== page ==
For example, in preparing for the recent deposition of named inventor John Iacoponi, which
4 was scheduled by mutual agreement for November 18, 2008, four days after the deadline for 5 Preliminary Invalidity Contentions, Samsung discovered that Mr. Iacoponi had been a regular 6 attendee in the 1990's at the annual VMIC conference, which was a prominent conference for those 7 involved in the field to which the `592 patent relates. Although the VMIC conference and the 8 papers presented there are highly relevant to the subject matter of the `592 Patent, AMD did not 9 disclose any VMIC materials to the U.S. PTO during the prosecution of the `592 Patent. AMD's 10 failure to disclose the VMIC conferences or any of the papers presented means that that prior art 11 does not appear anywhere on the face of the `592 Patent. Instead, Samsung had to search out the 12 relevant materials, which did not happen until shortly before the deadline for Preliminary Invalidity 13 Contentions. Even once the VMIC materials were located, consisting of six large volumes each 14 containing over a hundred technical papers, there was substantial work involved in reviewing and 15 analyzing the materials. And the inventor, John Iacoponi, obviously could not be questioned about 16 the materials until his deposition, which took place after the deadline for Preliminary Invalidity 17 Contentions. One of the articles presented at the 1992 VMIC conference, authored by Kazuyoshi 18 Kamoshida and entitled "Self-Aligned TiN Formation by N2 Plasma Bias Treatment of TiSix", is 19 particularly relevant to the asserted claims of the `592 Patent and, combined with certain art already 20 disclosed by Samsung in its Preliminary Invalidity Contentions, renders those claims invalid. See 21 Haskett Decl., Ex. 6 (Kamoshida Reference). Attached to Samsung's proposed Second Amended 22 Preliminary Invalidity Contentions as Appendices A1-A9 are nine invalidity claim charts that 23 incorporate the Kamoshida reference into Samsung's Preliminary Invalidity Contentions.2 See 24 Haskett Decl., Ex. 1. 25
Appendices A1-A8 are charts that were appended to Samsung's Preliminary Invalidity Contentions, redlined to show the new material proposed to be added by this motion. Appendix A9 26 is a new chart that Samsung proposes to add by this motion. Only Appendices A4 and A9 reference the Kamoshida article explicitly; the other charts incorporate the article by reference as included in 27 the group designated in Appendix A4 as "Nitrogen Plasma Treatment of Metal Silicide References."
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The second additional reference Samsung proposes to add to its Preliminary Invalidity
2 Contentions regarding the `592 Patent is U.S. Patent No. 5,175,126 to Huei-Min Ho and Yi Ching 3 Lin (the "Ho `126 Patent"). See Haskett Decl., Ex. 7 (Ho `126 Patent). The Ho `126 Patent is 4 incorporated into Exhibit 1 at Appendices A1-A8 to this motion.3 The Ho `126 Patent is another 5 reference that is part of the immense body of prior art relevant to the `592 Patent that has taken 6 Samsung substantial time to review and analyze. 7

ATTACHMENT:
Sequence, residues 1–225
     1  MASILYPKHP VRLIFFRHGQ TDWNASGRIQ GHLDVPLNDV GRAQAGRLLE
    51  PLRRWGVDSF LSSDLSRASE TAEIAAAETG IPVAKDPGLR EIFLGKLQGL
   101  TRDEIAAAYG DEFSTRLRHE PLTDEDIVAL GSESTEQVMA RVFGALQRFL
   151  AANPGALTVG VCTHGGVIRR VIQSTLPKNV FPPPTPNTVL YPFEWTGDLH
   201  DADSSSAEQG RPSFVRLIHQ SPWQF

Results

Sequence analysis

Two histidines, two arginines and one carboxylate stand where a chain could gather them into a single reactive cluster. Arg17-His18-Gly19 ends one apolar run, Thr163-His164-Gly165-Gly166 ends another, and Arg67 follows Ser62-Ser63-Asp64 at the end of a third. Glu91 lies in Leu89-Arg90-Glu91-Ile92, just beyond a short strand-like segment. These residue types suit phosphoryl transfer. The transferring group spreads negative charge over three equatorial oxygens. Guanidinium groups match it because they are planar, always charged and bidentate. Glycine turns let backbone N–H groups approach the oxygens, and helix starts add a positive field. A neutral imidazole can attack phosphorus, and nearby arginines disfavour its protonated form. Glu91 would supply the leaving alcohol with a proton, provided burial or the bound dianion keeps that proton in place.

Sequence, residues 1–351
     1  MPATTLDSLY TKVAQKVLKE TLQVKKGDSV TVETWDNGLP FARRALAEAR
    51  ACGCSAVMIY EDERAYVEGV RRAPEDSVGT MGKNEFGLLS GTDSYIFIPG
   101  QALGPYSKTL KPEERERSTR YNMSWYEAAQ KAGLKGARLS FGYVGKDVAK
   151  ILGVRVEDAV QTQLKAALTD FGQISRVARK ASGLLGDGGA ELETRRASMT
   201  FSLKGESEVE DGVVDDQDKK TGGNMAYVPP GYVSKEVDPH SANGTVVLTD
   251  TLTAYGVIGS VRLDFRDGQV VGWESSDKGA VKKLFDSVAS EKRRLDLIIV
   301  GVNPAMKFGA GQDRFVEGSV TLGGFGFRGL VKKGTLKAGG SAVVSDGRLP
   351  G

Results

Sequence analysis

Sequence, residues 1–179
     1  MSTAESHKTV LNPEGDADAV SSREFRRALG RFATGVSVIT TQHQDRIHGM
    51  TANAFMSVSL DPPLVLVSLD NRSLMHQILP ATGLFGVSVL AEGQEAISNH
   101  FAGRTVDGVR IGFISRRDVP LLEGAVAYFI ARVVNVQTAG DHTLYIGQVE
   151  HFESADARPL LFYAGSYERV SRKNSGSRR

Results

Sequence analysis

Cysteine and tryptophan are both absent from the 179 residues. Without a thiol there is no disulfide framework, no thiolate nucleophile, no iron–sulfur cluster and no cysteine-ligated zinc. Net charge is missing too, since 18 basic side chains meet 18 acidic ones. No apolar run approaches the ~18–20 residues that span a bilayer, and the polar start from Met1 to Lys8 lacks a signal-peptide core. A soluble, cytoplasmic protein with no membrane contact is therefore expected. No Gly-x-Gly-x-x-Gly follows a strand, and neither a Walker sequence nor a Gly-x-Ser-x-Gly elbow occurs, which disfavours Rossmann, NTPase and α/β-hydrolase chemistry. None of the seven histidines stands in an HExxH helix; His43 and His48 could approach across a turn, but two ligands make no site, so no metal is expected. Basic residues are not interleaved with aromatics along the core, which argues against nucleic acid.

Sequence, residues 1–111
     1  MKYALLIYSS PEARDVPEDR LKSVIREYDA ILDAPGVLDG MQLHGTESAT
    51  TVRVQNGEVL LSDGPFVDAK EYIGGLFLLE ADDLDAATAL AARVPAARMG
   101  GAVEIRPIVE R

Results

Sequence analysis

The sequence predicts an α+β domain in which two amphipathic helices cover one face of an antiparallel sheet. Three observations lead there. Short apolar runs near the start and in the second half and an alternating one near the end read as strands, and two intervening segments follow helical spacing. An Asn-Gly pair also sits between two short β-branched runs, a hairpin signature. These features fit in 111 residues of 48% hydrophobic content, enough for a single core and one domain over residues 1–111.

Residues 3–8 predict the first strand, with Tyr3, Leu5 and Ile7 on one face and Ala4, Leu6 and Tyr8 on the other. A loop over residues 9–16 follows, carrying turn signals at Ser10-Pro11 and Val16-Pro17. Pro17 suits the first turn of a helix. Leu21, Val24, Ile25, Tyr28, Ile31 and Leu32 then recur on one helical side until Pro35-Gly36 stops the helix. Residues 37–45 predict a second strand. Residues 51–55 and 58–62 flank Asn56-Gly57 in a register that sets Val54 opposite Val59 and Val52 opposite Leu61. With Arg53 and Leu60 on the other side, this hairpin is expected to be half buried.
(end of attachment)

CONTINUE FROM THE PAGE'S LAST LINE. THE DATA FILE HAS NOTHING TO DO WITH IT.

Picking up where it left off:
Finally, Samsung proposes to amend its `592 Patent invalidity contentions by adding a
8 number of references to the deposition testimony of Mr. Iacoponi himself. In his deposition, which 9 took place several days after Samsung's Preliminary Invalidity Contentions were due, Mr. Iacoponi 10 provided testimony regarding the state of the prior art at the time of the inventions of the `592 11 Patent, as well as testimony on the motivation to combine the various prior art references identified 12 by Samsung, all of which supports Samsung's contention that the asserted claims of the `592 Patent 13 are invalid. Exhibit 1 at Appendices A1-A9 to this motion includes the references to the testimony 14 of John Iacoponi that Samsung seeks to add by this motion. 15 16
`990 Patent Supplemental Prior Art References. Like the `592 Patent, the breadth and subject matter of U.S. Patent No. 5,559,990 (the "`990
17 Patent")pertaining to the organization of and access to computer memoryimplicates a vast 18 body of potentially invalidating prior art. Identifying the most relevant references is painstaking 19 work. Because there are relatively few standard terms or ways of describing the manner in which 20 memories are arranged or accessed, keyword searching of prior art references is of limited value, 21 and instead, searching requires a detailed examination of the structures shown in a large number of 22 patents. 23
In its Preliminary Invalidity Contentions, Samsung identified 32 references that invalidate
24 the asserted claims of the `990 Patent and drafted 14 invalidity claim charts detailing those 25 contentions. Continued searching in the field has yielded additional results. In particular, Samsung 26
Only Exhibit 1 at Appendix A4 references the Ho `126 Patent explicitly; the other charts incorporate the patent by reference as included in the group designated in Appendix A4 as 27 "Nitrogen Plasma Treatment of Metal Silicide References."
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1 recently identified U.S. Patent Nos. 5,222,047 ("the `047 Reference"), 4,788,667 ("the `667 2 Reference"), 5,276,649 ("the `649 Reference"), 5,210,723 ("the `723 Reference") and 5,287,324 3 ("the `324 Reference"). See Haskett Decl., Exs. 8-12. The `047, `667 and `649 References are 4 particularly relevant to claim 8 of the `990 patent. That claim includes a limitation for "selectively 5 enabling said sense amplifier circuits . . ." The Examiner emphasized the importance of that 6 limitation in allowing the `990 patent.4 But the `047, `667 and `649 References plainly teach this 7 limitation and thus show that claim 8 should not have been allowed. 8
The `723 and `324 References relate to accessing memory locations in different rows. The